In the back of my store, I find and read the final Darksheer comic. In this Darksheer kills or captures the final 3 villains of Noctropolis before retiring and leaving his partner Stiletto (breaking her heart in the process). Rather that just showing the pages as in the printed version, you click on each segment and get the lines acted out.
After reading the comic, there is a brief cutscene as a woman materialises out of nowhere, only to turn out to be a vampire. I wake up from this nightmare to my doorbell ringing before it gets too nasty.
At the door is a short girl who only talks in rhymes. I’m presented with a series of dialog options and I’ll be seeing a lot of these throughout the game. I establish that I’ve won the “Want to be Darksheer for a day?” sweepstakes and hand over my ticket stub to get my parcel.
The conversation is entirely done in FMV on her side, with my options just being clickable text. You will notice that the video is surrounded by the door and this technique is used frequently throughout the game as a means of framing the video clips. As far as the acting goes, from what I seen today it’s not too bad for an FMV game. It’s comparable to something like Under a Killing Moon although there is considerably less of it than in that game. There are times where it hasn’t been edited especially well. There was a conversation later on in the game where the guy I was talking to kept getting nearer and further away depending on which option I chose. The music is all done with MIDI and isn’t bad at all through a Sound Canvas. Overall the game generates a good atmosphere.
Getting back to the story, in my parcel is a new unpublished Darksheer comic. This tells the tale of some shady villain called Flux who rescues 5 super-villains from the jail who then take over the city in Darksheers absence. Darksheer’s ex partner Stiletto has shut herself off since he left and the city is unable to cope. A priest affiliated with the heroes attempts to summon Darksheer in a ritual to end the comic.
I’m only guessing here but it all seems a bit coincidental that Darksheer vanishes and a new villain (who happens to wear a cloak obscuring his features) pops up immediately. I expect they will turn out to be the same person but I’ll have a lot of game to play through first.
Other than the comic, there were a couple of tokens in the package. In a typically obscure adventure game puzzle, using the silver one in the shop inexplicably conjures up an obelisk….
…which transports me to the world of Noctropolis. This is where the game starts for real and I get to explore the city and meet a few of it’s inhabitants.
The initial section deals with trying to meet Father Desmond. He was the priest who tried to summon Darksheer at the end of the comic. After puzzling my way past an animated gargoyle, I find him in his confessional and have to try to talk him over to my side with the correct conversation options. This takes a while and I end up playing this over and over, with him either killing me or sending me away every time. It’s quick enough to reload and try again but a little tiresome. This is not a game that holds back from killing you frequently so save games are essential. I don’t mind this too much, provided there are no dead ends.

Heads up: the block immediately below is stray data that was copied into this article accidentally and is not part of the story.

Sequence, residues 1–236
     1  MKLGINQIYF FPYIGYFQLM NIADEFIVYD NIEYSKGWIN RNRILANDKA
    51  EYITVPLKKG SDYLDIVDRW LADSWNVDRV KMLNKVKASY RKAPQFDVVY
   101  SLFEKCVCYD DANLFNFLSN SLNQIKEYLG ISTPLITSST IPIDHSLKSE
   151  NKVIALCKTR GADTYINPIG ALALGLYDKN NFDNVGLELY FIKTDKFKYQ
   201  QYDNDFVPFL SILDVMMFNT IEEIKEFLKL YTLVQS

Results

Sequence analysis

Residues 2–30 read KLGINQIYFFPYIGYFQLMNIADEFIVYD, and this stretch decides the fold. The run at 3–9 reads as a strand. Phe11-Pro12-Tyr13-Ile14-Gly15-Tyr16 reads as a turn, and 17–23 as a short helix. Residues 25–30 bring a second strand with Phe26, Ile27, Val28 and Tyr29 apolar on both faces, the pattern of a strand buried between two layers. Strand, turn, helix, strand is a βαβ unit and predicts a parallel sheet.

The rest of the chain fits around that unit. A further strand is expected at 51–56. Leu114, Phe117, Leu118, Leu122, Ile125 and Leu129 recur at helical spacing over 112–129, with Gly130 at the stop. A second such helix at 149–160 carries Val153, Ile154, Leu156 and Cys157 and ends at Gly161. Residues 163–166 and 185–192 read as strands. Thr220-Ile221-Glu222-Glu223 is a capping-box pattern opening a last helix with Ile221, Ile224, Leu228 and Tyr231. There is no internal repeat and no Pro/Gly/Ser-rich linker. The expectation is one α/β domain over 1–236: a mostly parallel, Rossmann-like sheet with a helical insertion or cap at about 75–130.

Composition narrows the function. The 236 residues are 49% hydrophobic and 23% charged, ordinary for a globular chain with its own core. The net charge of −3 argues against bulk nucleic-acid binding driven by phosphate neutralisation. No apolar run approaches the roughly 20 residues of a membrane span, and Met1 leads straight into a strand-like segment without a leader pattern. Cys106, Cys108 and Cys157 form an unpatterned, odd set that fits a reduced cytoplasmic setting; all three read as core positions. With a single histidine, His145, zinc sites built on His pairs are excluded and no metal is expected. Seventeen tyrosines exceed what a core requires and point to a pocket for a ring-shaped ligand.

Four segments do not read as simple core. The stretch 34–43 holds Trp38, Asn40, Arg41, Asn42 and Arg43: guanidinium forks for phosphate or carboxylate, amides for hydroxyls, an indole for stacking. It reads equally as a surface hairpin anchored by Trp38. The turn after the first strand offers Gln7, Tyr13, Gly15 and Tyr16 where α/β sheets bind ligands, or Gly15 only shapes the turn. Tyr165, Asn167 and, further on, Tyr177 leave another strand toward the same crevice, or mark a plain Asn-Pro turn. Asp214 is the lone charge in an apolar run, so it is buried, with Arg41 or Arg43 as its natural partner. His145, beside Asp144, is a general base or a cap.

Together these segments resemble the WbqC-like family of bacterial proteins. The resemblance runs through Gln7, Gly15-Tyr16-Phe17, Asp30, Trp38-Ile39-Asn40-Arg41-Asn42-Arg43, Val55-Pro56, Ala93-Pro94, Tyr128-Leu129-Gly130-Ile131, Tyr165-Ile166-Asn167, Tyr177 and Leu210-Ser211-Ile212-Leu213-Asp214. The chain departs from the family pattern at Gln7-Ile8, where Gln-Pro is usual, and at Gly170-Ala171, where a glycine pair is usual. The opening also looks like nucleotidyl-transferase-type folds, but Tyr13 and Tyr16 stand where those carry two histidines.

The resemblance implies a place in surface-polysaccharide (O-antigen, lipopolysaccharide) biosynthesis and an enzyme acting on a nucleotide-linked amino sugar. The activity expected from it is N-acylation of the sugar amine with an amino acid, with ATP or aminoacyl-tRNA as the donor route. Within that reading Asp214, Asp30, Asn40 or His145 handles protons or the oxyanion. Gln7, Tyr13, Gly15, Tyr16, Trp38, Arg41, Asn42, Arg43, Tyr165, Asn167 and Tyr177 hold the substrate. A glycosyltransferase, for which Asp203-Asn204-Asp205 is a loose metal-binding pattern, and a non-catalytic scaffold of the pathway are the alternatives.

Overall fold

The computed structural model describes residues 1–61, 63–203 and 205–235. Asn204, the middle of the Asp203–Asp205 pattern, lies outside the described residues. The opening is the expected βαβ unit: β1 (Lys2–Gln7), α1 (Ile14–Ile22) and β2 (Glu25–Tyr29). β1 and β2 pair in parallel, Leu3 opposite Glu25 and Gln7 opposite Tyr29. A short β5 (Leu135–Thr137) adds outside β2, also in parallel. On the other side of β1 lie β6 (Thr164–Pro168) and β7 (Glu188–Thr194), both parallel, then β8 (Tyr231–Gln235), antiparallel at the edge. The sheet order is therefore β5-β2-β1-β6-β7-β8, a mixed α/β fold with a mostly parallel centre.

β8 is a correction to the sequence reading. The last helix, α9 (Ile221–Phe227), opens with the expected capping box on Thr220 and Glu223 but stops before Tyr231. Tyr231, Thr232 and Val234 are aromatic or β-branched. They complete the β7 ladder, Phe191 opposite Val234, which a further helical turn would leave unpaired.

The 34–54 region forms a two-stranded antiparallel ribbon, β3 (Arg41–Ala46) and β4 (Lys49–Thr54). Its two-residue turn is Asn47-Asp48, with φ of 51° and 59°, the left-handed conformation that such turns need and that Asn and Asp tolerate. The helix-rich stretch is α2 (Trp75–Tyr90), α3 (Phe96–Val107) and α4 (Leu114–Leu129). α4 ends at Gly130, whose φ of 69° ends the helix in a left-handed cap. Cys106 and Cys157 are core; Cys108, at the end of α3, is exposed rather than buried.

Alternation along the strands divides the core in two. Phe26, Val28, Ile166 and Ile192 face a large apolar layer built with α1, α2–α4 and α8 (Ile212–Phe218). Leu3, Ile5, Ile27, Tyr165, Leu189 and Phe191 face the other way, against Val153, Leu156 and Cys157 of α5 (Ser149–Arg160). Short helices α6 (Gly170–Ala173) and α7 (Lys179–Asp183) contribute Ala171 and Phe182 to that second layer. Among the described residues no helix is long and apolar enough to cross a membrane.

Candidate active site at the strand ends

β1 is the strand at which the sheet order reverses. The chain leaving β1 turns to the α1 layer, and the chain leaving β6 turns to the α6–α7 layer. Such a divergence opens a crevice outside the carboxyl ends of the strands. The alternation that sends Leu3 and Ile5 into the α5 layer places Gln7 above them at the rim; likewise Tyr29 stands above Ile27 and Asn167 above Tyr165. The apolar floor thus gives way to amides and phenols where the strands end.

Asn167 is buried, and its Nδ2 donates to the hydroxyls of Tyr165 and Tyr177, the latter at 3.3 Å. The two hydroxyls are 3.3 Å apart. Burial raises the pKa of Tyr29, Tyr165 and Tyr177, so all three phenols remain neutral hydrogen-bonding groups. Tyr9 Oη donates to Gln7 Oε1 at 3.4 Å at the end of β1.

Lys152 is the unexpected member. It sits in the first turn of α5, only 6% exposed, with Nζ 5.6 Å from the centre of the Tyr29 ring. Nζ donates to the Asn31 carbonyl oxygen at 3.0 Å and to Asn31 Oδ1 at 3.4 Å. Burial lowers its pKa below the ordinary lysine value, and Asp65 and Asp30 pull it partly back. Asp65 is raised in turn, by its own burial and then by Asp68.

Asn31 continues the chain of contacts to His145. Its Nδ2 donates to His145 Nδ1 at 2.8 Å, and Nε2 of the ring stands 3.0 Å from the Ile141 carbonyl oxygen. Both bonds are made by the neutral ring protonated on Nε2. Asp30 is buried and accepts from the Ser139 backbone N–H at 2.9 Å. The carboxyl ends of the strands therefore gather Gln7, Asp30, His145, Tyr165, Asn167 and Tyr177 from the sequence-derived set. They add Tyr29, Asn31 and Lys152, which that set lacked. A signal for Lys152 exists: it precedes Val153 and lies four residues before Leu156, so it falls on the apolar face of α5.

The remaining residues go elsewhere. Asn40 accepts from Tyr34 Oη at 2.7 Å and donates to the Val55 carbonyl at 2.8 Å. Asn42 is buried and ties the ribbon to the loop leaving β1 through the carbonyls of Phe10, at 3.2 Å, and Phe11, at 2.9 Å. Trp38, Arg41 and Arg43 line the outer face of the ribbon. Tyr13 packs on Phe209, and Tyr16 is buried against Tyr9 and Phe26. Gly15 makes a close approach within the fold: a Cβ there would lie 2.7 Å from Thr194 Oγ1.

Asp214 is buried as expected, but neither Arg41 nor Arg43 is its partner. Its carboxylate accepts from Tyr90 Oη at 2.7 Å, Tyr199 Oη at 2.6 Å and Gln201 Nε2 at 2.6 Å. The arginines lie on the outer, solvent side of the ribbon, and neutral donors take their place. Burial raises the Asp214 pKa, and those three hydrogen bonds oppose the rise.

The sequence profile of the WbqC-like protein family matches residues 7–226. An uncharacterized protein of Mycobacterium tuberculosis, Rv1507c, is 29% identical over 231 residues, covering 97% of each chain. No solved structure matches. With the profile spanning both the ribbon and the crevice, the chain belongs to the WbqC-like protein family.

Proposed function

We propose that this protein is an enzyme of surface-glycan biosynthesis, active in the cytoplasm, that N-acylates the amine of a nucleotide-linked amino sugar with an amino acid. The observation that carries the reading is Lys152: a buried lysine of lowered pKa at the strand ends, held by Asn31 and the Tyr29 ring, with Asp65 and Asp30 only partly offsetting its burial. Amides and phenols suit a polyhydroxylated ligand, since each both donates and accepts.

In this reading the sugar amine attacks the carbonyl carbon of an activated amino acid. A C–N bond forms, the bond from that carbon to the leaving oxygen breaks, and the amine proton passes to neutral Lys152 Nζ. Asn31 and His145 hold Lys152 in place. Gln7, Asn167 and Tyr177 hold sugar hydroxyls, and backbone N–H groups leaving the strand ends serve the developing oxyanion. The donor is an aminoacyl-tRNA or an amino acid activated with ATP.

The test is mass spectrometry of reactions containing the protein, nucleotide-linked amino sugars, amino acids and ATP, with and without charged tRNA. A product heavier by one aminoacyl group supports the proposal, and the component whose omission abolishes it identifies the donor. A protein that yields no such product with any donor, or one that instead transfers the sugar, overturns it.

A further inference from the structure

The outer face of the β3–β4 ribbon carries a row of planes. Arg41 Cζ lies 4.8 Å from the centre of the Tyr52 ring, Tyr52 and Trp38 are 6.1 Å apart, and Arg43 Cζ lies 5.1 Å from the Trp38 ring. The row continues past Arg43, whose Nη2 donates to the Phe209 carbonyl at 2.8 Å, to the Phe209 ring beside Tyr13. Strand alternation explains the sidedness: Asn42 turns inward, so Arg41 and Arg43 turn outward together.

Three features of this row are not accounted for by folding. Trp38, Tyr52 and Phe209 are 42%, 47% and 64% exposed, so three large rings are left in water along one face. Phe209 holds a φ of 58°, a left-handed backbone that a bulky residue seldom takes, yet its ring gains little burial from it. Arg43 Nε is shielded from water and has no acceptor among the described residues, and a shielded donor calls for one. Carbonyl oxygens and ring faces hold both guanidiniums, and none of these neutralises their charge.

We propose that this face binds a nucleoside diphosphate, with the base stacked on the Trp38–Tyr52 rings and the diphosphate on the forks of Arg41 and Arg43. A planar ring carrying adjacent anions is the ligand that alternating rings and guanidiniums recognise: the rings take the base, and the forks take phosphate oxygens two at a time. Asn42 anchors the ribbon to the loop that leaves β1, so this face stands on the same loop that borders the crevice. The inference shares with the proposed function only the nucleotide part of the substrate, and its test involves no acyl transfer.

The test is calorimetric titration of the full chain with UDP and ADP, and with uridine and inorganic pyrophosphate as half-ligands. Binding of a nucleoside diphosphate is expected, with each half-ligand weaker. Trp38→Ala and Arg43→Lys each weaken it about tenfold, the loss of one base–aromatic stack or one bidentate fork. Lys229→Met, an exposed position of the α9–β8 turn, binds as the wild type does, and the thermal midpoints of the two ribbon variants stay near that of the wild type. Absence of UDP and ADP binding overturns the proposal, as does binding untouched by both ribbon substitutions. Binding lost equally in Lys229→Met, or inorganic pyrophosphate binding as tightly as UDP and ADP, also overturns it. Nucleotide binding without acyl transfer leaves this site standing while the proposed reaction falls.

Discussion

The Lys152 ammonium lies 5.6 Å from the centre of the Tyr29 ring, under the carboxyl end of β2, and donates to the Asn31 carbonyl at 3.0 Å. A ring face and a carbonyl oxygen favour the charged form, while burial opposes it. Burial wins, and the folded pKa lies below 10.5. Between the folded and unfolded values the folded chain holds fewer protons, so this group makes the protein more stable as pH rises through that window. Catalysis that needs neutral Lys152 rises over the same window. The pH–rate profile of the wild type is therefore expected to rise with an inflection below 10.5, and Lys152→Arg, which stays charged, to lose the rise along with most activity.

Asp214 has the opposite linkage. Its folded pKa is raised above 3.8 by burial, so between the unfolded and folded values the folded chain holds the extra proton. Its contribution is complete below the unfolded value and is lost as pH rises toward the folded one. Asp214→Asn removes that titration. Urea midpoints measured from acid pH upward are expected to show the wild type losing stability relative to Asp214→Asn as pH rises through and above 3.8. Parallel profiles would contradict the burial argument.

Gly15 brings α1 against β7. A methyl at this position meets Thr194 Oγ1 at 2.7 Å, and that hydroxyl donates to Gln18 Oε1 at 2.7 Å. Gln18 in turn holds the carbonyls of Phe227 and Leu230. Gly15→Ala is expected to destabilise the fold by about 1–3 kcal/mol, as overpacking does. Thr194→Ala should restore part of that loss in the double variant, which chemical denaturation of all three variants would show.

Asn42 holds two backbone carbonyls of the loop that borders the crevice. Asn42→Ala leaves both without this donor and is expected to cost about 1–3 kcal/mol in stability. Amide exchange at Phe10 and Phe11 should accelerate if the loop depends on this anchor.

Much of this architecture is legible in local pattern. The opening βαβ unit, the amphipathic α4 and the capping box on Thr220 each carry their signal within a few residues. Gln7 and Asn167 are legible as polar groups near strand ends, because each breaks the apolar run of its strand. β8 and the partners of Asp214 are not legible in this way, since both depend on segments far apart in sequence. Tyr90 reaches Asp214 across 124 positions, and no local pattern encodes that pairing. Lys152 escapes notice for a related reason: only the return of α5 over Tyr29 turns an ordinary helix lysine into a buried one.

The conversation system is more or less exactly like the ones used in Martian Memorandum and requires a load of retries until you stumble across the combination of choices that the developers wanted you to pick. It comes close to being annoying but just about avoids it as it’s quick to repeat and try again.
When I get the options right, Father Desmond suggests that I should be the new Darksheer and sends me over to Stiletto’s to try to talk her into helping. She answers the door drunk and after picking every option I can’t talk her into helping so I give in for now and pursue the other clue I got from Desmond, a jaw bone. Why he gave me this I don’t know, but through a DNA analysis at the hall of records I learn who it belonged to eventually leading me into the lair of the Succubus.
She is one of the 5 villains I need to stop before I get to Flux. I don’t do too well though as she seduces, rapes and then bites me. When I wake I have an 8 minute timer before I die to escape from her lair and heal myself. I learn from her diary (written in blood) that the Succubus is a nun who was possessed by a demon, during a exorcism by Father Desmond which is why she wants revenge on him. She wants a new body and is now pregnant thanks to me, so has that in hand.
Suffice to say, I escape get back to the cathedral and thanks to Stiletto turning up at the last moment, kill the Succubus with holy water before being taken to Darksheers lair. Darksheer’s powers came from the study of light and dark by a group of monks and thanks to his supply of liquidark I’m healed and ready for the fight. I manage to impress Stiletto by beating her in a fight (using an unlikely series of moves for a comic book store owner) and then take Darksheers suit and head out with her to clean the streets for decent law abiding citizens….
This is looking like quite a decent game from what I’ve seen. It’s amazing how many obscure adventure games there are out there like this that slipped under the radar first time around but which I can go back to now, given the lack of new ones. I’ve never read any superhero comic books but the game appears to capture the feeling of these from what I do know. It’s a little corny but thats as it should be if you are going to do a comic book game.
Initial impressions are that this is well presented and reasonably challenging but not too frustrating thanks to the linear nature of the game offering limited options. It is a little clumsy in some ways and doesn’t have the polish of one of Lucasart’s classics but I like the genre enough for this not to put me off at all. I’ve got the clue book if I need it which has very useful hotspot screenshots to highlight interactive areas of the screen. This is all I’ve needed so far to point me to a solution I was struggling with. This provides a workaround to the slightly dubious interface but I’ll avoid using it other than that, and only resort to using it at all if I’m stuck. It doesn’t strike me as a game that would convert anyone to adventure games but if you are already a fan and looking for something new, this could fit the bill.